After job creation in the high-tech sector grew an average of 2.5 percent annually from 2004-2012, it has started to shrink, contracting nearly 2 percent in total in the past two years, government figures show, even as the overall jobless rate fell.

Looking back, Moran said that had he stayed the course, M-Systems could have grown to a company with $3-$4 billion a year in sales. Today it operates as a SanDisk R&D center and its workforce has fallen to 700 from 1,000 before the sale in 2006.

There are 282 R&D centers in Israel, most owned by foreign firms. Eight out of 10 Israeli technology firms bought by multinationals become a foreign R&D center in Israel, or are integrated in existing foreign R&D centers, said the Israel Venture Capital (IVC) Research Center.

Entrepreneurs say investors are often looking for high returns as quickly as possible.

"To build a long-term success story takes hard work, many years and lots of patience," Brenmiller said.

Patience is not a strong point in Israel's start-up culture, where entrepreneurs like to move from one idea to the next.

Israeli venture capital-backed companies take an average of 3.95 years from the first round of funding to acquisition, compared with 6.41 years in Britain and 6.66 in France, according to third-quarter 2014 figures from Dow Jones VentureSource.

Sign of Maturity

Solel is not alone in its experience. Chromatis Networks was one of the biggest acquisitions ever of an Israeli company when it was bought by Lucent in 2000, but was shut down about a year later. IBM closed XIV in 2008 about a year after it paid $300 million for the storage technology firm, according to IVC.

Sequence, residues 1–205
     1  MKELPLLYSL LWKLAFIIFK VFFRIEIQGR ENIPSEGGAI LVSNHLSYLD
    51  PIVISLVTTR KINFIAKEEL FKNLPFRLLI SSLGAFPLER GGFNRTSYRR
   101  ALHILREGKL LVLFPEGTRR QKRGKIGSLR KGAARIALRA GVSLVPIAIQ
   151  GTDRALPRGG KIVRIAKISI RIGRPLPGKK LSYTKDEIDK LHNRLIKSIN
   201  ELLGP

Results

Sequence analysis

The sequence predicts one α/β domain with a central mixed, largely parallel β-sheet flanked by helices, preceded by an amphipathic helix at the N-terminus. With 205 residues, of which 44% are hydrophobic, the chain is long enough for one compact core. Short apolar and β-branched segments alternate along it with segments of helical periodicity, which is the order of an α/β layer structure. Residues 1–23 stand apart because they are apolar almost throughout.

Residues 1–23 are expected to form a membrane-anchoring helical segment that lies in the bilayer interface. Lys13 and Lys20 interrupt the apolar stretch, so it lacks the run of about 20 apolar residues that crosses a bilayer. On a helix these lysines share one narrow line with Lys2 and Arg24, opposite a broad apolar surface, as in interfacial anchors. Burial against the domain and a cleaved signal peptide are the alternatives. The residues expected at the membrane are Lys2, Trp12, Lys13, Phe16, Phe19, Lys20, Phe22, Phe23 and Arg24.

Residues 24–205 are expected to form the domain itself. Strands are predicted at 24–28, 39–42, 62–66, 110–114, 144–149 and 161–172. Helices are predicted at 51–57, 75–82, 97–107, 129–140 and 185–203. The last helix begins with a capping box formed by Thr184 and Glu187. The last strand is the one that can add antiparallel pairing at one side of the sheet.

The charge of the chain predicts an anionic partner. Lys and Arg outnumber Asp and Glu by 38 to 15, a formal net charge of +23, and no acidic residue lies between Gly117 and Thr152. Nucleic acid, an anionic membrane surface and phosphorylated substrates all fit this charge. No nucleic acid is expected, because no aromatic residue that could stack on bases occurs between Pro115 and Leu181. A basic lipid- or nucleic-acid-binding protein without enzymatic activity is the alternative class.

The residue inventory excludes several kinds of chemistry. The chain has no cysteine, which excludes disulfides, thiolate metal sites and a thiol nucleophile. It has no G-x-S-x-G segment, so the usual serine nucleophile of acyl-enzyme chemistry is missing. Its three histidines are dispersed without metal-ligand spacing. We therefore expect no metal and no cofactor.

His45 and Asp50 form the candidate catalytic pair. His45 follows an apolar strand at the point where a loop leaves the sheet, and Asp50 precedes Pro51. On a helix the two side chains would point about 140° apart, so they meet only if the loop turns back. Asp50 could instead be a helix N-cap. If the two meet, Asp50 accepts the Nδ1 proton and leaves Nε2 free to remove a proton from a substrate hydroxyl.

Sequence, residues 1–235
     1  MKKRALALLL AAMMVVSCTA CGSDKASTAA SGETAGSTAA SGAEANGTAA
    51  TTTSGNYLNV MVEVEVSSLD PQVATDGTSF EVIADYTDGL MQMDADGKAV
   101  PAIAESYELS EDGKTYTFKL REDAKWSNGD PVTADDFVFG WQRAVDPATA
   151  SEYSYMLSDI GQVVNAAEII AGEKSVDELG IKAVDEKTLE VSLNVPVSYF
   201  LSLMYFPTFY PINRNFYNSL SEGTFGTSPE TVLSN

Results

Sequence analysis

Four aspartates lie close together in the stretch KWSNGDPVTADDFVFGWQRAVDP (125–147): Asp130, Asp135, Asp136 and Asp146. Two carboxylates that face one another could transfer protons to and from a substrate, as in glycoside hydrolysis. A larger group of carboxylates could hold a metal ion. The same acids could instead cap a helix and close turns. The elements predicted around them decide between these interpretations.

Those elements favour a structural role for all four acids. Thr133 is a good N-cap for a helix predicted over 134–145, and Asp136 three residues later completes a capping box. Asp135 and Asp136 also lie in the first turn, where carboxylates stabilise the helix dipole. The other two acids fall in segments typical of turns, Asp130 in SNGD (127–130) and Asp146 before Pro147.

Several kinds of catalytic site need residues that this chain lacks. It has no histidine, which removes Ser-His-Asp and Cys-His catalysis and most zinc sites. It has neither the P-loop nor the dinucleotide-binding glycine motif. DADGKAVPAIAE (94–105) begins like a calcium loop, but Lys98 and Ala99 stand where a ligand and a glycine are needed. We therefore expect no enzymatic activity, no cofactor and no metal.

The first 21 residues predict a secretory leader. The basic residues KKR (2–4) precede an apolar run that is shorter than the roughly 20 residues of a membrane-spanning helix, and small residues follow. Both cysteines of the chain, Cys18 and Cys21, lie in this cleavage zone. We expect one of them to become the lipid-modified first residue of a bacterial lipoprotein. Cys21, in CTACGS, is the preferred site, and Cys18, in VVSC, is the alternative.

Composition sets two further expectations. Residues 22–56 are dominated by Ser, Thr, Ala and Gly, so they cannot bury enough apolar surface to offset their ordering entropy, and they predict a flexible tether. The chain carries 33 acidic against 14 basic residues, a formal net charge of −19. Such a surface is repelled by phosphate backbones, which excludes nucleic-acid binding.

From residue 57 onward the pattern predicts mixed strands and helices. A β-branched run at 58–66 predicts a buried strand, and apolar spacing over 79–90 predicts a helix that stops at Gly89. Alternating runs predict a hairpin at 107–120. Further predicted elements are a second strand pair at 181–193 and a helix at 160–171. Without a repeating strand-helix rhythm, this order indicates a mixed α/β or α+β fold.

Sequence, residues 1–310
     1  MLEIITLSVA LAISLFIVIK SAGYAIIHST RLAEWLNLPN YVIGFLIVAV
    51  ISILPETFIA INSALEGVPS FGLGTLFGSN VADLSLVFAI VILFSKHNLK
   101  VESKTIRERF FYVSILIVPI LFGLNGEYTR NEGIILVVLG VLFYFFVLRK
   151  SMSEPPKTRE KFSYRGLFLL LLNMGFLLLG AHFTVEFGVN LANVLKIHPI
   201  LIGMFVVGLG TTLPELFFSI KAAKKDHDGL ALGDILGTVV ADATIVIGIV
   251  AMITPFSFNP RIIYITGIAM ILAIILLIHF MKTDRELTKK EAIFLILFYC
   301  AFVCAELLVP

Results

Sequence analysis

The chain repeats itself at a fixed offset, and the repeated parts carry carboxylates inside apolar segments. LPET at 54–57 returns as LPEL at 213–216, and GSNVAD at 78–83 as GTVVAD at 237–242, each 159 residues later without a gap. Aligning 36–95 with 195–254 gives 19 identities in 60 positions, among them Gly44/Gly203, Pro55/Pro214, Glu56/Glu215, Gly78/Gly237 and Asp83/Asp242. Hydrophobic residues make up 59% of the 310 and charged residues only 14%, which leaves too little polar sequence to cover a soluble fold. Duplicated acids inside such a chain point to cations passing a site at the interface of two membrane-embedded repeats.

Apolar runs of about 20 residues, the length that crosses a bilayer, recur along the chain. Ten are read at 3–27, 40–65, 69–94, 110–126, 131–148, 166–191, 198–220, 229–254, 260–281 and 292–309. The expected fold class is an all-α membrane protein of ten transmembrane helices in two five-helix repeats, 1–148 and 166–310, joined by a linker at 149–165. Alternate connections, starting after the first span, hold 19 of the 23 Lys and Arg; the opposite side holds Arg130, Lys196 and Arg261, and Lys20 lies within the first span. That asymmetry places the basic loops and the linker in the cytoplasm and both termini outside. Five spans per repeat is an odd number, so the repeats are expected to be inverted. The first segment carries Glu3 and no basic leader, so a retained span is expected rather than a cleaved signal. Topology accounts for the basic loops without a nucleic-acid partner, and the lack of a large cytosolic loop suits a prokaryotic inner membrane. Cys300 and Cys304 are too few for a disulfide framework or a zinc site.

But there are some signs the sector is starting to mature as more companies are willing to wait longer before selling, aiming to build themselves up to a stand-alone size.

In 2014 there were 70 Israeli "exits" - stake sales from mergers, acquisitions or initial public offerings (IPOs) - valued at nearly $15 billion, according to PriceWaterhouseCoopers (PwC). But of that, $9.8 billion was in IPOs - up from $1.2 billion in 2013 - while the value of M&A fell to $5 billion from $6.5 billion.

This can partly be attributed to the fact many successful entrepreneurs are on their second or third company, said Rubi Suliman, head of high-tech at PwC Israel.

Brenmiller is one such case. He poured $20 million from the sale of Solel into establishing Brenmiller Energy, which has developed a more efficient way to store heat from the sun.

To keep more companies, the Israeli government needs a long-term plan for incentives and support rather than simply early-stage aid, Rubinstein said.

With wealthier entrepreneurs and less pressure to sell, some believe Israel could begin producing more large companies such as network security provider Check Point Software.

"It is very understandable that a second-time entrepreneur with a large bank account is much more patient in his next venture and much more willing to take risks," said Suliman.

(Editing by Pravin Char)